Nothing Wrong with Having Fun
It seems as if the student occupations and protests of last year have already passed into legend. There have been documentaries, books, e-pamphlets, anthologies, songs and now TV dramatisations. In last night’s episode of Fresh Meat, Channel 4’s new (and increasingly funny) comedy about being a first year at university, the Manchester housemates took a coach to a London march. The screen split in two, and as the fictional students on the top of the screen pulled moonies and discussed which target they would throw their pigs' blood at, the real students marched on Parliament Square below.
When the fictional students finally got to London, the sweet, floppy-haired boy stuck in a kettle with the vixenish drama student asked the Met officers if he could be transferred to an adjoining one, where he could be with his sweet, shiny-haired housemate; the posh boy who’d only caught the coach to watch the rugby in Fulham stripped off and threw bottles at the police after they shoved a girl in a wheelchair; the floppy-haired boy used the megaphone to announce he was no longer a virgin, to everyone’s cheers.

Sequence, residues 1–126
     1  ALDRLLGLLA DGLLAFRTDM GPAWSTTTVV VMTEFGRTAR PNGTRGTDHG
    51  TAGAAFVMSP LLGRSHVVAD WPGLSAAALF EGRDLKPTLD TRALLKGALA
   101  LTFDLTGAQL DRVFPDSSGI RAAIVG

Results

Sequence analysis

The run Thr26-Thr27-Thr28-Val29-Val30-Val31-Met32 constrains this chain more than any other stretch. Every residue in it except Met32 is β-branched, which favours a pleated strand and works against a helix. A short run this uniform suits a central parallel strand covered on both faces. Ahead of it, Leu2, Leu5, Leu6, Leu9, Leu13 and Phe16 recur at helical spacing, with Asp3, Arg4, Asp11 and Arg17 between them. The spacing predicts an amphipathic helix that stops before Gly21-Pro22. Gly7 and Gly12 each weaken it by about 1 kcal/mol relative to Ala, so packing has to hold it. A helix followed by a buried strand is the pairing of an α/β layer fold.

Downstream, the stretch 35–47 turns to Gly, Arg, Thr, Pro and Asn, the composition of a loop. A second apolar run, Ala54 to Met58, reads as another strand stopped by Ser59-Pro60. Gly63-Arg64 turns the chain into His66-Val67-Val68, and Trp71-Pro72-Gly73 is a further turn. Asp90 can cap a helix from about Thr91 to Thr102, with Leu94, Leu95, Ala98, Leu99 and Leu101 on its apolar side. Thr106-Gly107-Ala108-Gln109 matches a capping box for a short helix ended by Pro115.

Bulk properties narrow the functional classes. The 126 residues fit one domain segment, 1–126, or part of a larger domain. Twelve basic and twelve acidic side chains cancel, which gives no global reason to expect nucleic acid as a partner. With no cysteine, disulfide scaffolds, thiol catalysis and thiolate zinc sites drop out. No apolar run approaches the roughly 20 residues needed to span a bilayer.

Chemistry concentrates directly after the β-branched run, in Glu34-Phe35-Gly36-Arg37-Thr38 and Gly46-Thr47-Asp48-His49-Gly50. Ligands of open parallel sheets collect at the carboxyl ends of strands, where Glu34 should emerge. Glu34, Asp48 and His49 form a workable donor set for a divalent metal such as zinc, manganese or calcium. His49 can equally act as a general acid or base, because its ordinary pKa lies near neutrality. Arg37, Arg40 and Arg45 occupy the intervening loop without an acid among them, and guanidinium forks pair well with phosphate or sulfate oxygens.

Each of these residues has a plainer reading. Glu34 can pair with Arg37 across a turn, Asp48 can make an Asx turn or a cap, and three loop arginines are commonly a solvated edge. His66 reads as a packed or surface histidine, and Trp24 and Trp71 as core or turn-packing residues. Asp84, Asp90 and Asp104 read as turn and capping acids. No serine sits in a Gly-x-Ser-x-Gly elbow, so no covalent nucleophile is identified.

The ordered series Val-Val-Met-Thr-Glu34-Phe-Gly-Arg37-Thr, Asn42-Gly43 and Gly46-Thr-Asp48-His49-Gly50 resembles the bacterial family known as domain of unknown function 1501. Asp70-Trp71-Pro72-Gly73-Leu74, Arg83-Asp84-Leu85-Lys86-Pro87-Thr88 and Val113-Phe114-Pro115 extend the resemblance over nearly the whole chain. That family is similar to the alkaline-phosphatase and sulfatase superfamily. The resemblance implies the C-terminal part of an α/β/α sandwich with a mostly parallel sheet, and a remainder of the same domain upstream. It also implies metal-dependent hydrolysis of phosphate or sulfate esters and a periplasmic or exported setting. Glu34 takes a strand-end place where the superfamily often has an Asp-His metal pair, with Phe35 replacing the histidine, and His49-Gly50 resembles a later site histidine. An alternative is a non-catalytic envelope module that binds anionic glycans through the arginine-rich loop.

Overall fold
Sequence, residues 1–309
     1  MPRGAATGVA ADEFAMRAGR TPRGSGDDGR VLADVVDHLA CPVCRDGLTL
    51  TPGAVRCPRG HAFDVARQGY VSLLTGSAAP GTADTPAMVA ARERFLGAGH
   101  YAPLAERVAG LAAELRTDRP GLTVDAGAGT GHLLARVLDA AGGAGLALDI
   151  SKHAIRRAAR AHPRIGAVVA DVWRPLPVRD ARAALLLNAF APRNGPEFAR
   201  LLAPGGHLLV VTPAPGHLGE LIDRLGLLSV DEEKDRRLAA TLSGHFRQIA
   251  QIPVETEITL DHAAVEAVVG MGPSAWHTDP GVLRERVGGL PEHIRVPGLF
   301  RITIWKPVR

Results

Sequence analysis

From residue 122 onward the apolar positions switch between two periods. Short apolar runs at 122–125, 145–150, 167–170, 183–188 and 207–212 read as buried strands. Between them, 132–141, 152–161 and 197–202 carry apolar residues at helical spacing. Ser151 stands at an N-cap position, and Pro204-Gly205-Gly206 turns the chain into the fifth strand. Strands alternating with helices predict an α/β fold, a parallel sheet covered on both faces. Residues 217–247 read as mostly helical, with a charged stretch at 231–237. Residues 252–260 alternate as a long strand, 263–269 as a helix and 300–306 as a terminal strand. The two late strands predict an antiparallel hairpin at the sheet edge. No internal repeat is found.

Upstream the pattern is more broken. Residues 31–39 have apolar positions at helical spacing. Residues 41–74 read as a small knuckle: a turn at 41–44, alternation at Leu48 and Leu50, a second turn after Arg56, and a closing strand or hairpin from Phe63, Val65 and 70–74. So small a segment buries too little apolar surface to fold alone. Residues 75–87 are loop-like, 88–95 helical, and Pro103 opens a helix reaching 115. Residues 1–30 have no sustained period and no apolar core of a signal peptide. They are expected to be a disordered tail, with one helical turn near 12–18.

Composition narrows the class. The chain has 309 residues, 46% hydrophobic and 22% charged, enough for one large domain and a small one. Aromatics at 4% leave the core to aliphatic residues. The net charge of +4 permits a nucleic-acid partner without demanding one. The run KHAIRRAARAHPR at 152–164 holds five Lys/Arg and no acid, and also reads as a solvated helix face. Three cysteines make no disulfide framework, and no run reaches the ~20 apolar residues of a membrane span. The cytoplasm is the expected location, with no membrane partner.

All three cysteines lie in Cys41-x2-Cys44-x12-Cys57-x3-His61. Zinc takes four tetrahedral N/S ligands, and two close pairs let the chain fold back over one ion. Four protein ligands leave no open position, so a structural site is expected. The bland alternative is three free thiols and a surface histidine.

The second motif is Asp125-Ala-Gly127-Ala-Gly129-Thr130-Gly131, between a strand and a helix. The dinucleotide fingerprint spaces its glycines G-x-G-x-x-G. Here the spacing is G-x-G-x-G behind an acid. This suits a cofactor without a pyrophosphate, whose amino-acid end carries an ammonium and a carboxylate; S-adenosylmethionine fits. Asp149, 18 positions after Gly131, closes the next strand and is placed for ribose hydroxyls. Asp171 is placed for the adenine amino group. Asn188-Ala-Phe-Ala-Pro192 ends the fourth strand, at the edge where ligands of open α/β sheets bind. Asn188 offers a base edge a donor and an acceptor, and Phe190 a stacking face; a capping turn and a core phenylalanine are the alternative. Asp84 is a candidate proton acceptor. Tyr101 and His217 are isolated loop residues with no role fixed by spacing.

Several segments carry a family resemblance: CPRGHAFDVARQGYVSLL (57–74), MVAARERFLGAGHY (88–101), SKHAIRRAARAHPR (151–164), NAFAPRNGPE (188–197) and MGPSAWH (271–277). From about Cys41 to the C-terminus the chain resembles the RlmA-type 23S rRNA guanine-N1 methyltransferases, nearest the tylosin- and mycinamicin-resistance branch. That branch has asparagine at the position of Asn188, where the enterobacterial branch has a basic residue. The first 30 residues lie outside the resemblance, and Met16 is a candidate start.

It made protesting look like fun, which it often is. It also looks that way to the Daily Mail, which has had quite a bit of fun pointing out the expensive brands of jeans, the visits from celebrities like Kanye West and Susan Sarandon, the holding of hands, the naked body-painting of young people at the Occupy Wall Street protest – as if their having too good a time could somehow nullify the protesters' political point. But because it's fun, it’ll keep going: the Occupy London movement, with their human mic and Guy Fawkes masks, will find somewhere else if the Dean of St Paul’s no longer wants them; the placards on 9 November will be even wittier than last year’s.